Slide 86. This illustrates the overall difference in response rates between lithium, valproate, and the atypical antipsychotics. It’s important to realize this is based on a limited data set, but the trend we are starting to see is that lithium and valproate have response rates of about 50% as opposed to the atypical agents that have response rates anywhere from 60% to 80%. On the whole, the atypical antipsychotics are more powerful and in some ways easier to use than the traditional mood stabilizers.

Concerns With Atypical Antipsychotics

Slide 87. Concerns with atypical antipsychotics include metabolic effects (production of type 2 diabetes, hyperlipidemia) and tardive dyskinesia (TD). We still don’t know if long-term use of these agents will produce TD.

Hyperprolactinemia is mainly a concern with risperidone. Levels tend to go up, but then they tend to come down to what may not be clinically significant at about 1 year. But we still don’t know if this is really true. The levels are slightly above what you’d expect in normal children and adolescents.

Cardiac effects are mainly a concern with ziprasidone, which may produce a prolongation of the QT interval corrected for heart rate (QTc). We are recommending that you get baseline EKGs when you use this agent; these should be repeated when you get to about 3 mg/kg/day, or if you start to see any symptoms.

Sexual dysfunction can occur with some of these agents, and there have been reports of strokes in the elderly. There are no reports of this in children or adolescents.

Slide 88. This was a study published in the American Academy of Child Psychiatry in 2002. It was an Israeli study by Ratzoni and colleagues. There were 50 adolescents with schizophrenia. They compared olanzapine, risperidone, and Haldol (haloperidol) across 12 weeks of prospective treatment. Mean dose of olanzapine was 12 mg/day; risperidone, 3 mg/day; haloperidol, 7 mg/day.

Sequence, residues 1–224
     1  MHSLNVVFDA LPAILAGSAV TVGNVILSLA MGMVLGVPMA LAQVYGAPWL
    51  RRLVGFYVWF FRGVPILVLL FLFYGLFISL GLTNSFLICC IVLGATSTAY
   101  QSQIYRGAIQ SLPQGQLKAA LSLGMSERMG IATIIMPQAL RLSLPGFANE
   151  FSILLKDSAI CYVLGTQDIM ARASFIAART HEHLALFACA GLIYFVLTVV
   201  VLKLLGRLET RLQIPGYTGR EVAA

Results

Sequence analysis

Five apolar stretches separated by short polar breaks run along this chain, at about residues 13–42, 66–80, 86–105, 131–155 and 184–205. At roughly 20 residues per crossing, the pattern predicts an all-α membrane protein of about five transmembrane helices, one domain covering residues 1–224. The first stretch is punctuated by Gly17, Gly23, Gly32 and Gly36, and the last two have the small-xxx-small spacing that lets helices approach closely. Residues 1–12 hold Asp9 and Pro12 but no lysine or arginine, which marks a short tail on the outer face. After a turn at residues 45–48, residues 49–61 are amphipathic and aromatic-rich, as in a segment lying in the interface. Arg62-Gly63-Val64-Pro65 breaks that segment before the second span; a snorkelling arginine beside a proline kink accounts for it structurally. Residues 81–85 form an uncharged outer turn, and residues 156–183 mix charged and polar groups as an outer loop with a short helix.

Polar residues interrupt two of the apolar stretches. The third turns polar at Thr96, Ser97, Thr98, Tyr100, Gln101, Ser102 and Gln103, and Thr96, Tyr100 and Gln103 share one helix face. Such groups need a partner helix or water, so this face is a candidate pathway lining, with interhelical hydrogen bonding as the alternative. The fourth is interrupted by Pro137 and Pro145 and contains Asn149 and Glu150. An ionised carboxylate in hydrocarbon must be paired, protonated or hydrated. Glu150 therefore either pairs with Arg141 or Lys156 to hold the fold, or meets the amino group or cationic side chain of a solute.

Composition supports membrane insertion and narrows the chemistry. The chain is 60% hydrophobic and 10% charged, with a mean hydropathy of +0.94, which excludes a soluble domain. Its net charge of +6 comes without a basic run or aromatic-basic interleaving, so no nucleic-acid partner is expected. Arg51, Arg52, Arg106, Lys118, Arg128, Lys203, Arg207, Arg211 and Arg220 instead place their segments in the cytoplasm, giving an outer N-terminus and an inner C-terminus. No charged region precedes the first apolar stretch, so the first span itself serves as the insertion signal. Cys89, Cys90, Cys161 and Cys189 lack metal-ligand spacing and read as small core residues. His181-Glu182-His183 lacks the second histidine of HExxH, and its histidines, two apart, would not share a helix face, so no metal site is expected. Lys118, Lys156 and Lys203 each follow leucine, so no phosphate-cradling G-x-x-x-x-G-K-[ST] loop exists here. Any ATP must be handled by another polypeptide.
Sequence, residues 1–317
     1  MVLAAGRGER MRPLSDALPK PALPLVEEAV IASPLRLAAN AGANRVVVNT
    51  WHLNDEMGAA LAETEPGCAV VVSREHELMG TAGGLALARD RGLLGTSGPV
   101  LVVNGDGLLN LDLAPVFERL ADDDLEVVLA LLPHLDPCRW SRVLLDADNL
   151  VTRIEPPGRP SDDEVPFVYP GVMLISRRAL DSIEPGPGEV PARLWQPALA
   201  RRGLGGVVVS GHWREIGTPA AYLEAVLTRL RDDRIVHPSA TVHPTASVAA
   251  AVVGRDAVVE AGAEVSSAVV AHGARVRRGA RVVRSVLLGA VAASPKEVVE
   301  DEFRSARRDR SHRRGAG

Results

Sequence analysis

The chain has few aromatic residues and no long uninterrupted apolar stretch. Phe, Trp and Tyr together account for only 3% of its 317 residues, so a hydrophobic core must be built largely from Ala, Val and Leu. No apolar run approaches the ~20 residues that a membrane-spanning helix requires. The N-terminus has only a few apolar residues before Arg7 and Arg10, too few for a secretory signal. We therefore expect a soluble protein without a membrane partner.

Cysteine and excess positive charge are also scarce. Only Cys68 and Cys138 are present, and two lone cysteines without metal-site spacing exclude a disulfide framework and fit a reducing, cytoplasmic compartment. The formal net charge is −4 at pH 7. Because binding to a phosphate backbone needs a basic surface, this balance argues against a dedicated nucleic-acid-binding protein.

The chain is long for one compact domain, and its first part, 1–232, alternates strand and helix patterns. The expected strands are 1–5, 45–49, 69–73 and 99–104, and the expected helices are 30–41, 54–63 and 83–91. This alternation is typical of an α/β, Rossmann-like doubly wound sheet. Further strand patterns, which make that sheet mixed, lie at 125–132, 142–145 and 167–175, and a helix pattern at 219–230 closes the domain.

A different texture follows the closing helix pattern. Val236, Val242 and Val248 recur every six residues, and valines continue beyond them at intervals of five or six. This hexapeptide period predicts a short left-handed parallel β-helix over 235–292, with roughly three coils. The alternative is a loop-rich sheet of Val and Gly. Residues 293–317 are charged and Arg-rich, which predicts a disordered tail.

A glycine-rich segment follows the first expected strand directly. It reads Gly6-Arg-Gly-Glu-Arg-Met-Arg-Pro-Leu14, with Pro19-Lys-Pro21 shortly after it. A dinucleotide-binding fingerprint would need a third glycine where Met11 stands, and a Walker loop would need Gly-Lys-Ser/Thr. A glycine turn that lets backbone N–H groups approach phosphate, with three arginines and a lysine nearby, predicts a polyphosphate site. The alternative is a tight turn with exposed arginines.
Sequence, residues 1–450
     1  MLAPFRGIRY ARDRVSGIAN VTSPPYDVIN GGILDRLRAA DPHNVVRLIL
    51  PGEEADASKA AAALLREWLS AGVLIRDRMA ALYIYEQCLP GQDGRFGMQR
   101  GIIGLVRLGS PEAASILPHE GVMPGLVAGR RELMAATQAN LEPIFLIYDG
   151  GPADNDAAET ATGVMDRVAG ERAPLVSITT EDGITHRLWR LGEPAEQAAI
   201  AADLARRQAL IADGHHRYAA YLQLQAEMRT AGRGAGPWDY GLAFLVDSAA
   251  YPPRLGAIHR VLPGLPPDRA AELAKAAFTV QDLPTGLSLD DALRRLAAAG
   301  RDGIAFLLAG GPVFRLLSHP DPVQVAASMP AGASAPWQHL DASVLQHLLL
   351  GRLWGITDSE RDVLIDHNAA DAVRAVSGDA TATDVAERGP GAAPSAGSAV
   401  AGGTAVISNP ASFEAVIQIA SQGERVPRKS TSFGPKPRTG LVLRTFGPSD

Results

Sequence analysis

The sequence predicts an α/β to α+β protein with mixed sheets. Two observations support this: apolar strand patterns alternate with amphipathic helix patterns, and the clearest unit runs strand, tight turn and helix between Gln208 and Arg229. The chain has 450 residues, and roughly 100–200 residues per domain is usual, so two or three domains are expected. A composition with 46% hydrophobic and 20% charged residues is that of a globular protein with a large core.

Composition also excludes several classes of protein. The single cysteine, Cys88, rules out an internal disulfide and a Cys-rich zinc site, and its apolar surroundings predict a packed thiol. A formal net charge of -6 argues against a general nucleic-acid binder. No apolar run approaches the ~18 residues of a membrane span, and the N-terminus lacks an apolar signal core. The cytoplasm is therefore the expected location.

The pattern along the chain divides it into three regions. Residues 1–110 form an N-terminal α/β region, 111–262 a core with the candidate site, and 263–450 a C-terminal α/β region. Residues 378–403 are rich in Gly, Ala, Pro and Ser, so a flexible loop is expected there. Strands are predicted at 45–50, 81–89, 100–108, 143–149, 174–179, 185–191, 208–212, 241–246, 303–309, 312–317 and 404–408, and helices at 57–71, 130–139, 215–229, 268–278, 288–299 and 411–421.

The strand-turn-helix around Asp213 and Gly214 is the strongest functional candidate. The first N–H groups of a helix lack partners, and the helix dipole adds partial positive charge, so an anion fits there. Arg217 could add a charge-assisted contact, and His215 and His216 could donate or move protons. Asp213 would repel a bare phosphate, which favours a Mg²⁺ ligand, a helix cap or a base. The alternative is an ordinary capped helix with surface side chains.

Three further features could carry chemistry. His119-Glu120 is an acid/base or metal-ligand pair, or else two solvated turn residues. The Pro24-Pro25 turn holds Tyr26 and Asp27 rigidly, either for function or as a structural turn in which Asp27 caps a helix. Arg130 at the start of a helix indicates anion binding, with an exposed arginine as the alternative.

Slide 89. Mean proportional weekly weight change with these 3 agents: illustrated here, the highest rate of weight gain with olanzapine at week 12 was about an 11% mean proportional weight change from baseline, which is a lot of weight to gain. Risperidone was about half that at about 6%, and haloperidol was much lower, at about 1%. On the whole with these agents, particularly with olanzapine and clozapine, the real problem is the massive weight gain that you’ll get in some kids.

American Diabetes Association Consensus on Antipsychotic Drugs

Slide 90. American Diabetes Association (ADA) consensus on antipsychotic drugs: what this illustrates is the propensity for weight gain, the risk for diabetes, and worsening lipid profile across 6 agents. The highest risk for weight gain is with clozapine and olanzapine. Greatest risk for diabetes is with clozapine and olanzapine. Worsening lipid profile, once again, with clozapine and olanzapine. There’s not as much data on aripiprazole or ziprasidone. Risperidone and quetiapine tend to be in the middle.

Slide 91. Illustrated are the recommendations from the ADA and the APA for any patients on atypical agents. This includes children and adolescents. At baseline they recommend a personal family history of obesity, heart disease, or hyperlipidemia; height and weight for calculation of body mass index (BMI); waist circumference measurement; blood pressure; a fasting plasma glucose; and a fasting lipid profile. The height and weight should be repeated every time the patient’s seen or at least every 4 weeks. At 12 weeks, they recommend repeating all the laboratory measures, including the fasting plasma glucose and the fasting lipid profile. If you start to see an increase in any of these measures, you should consider switching to a different atypical antipsychotic that may cause less weight gain.

Treatment of Pediatric Mania

Slide 92. In the treatment of pediatric mania, it’s really important to assess any medications that may be making the mania worse, to taper stimulants or antidepressant medications, and to re-evaluate mood and behavior in about a week to determine if these medications were making the moods worse.